Share the Care (previously Family Link) carers provide regular short breaks to disabled children/young people including those with learning difficulties, autism and physical impairments
Providing a short break for a child/young person with a disability can be very rewarding. This type of fostering offers a long term relationship with a child/young person and their family. It suits people who can offer short breaks and who feel positive about disabled children/young people.
How it works
Share the Care carers come from all age groups and all walks of life. They are recruited and approved in the same way as other foster carers. Once approved, carers are carefully matched with a child/young person who is gradually introduced to them. If this goes well, a pattern of visits is agreed, perhaps an overnight stay every two or three weeks or a weekend each month.
Share the Care carers receive payment, training and support through the Share the Care scheme and any requirement for special equipment will be assessed.
How much time will I need to give?
We ask that you are able to commit to at least one weekend a month on a regular basis. Some carers are linked with one child whilst others provide short breaks to more than one child. The amount of time you give to a child depends on the plan for the child and is agreed in advance.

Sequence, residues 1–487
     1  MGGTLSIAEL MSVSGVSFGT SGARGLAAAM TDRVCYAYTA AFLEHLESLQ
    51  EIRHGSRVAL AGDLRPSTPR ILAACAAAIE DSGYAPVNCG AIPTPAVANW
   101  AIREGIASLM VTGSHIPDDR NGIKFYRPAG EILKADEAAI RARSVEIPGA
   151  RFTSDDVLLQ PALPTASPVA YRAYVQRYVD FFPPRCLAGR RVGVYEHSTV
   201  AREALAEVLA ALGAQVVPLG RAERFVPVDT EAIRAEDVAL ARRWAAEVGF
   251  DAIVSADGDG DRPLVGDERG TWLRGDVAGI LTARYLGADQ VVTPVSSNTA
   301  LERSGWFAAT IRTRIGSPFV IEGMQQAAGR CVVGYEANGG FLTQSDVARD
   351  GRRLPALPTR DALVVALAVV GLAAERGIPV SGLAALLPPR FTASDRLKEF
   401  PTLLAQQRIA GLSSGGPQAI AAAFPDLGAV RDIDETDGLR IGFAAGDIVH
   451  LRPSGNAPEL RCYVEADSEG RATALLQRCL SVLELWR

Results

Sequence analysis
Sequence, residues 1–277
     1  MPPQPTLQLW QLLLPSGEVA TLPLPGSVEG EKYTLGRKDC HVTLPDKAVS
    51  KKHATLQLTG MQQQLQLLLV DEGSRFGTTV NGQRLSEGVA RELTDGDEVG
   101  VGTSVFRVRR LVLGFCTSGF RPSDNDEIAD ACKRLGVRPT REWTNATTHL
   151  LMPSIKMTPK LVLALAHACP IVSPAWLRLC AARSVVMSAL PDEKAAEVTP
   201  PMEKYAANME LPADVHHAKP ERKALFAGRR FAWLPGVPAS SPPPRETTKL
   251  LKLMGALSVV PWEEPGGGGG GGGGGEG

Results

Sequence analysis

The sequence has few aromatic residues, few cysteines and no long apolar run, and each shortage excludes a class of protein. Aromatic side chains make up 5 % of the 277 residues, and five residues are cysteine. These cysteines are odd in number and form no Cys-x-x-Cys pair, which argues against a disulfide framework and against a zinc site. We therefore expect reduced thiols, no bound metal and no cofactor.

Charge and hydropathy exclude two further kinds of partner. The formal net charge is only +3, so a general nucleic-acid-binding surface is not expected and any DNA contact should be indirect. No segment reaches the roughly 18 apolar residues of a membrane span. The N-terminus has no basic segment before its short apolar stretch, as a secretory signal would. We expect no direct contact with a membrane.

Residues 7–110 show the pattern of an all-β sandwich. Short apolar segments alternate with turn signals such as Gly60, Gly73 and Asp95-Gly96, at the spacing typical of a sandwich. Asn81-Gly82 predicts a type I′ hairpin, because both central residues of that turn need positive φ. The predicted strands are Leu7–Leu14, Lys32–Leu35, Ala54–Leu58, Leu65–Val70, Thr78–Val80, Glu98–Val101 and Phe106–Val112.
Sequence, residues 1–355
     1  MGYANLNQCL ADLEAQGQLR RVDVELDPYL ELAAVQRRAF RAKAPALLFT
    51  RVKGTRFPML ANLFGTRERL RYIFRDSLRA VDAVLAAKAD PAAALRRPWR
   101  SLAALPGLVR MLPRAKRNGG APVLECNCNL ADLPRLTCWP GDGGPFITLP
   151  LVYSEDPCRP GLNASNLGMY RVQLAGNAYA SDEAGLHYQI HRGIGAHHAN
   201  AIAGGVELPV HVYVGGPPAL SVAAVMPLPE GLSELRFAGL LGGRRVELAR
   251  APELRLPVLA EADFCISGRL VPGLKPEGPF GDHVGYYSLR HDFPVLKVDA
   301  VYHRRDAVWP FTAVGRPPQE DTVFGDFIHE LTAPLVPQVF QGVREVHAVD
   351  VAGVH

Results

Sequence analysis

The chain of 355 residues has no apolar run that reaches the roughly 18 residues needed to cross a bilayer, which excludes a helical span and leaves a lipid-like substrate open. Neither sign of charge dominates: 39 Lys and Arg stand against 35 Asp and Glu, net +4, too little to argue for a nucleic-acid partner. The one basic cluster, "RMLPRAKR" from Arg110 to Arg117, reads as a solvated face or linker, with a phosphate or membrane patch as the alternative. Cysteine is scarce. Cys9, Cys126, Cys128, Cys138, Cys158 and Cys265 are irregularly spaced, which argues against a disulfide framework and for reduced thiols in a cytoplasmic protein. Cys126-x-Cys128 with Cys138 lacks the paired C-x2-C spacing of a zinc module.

Most of the children will stay overnight in your home, but if your accommodation is not suitable to meet the child's needs there is still a need for day care, particularly for children on the autistic spectrum.
What does it involve?
When approved as a Share the Care carer you will need to be able to:
- provide a safe and comfortable home for the children and young people you look after
- give children the time and attention they need
- work as part of a team with parents, other carers and social workers
- accept that smacking, or other degrading punishments, are not permitted
- keep information confidential
- attend necessary training courses
- support our commitment to equal opportunities by working positively with all people, recognising,
- accepting and respecting difference
- no smoking in the home when a child is present.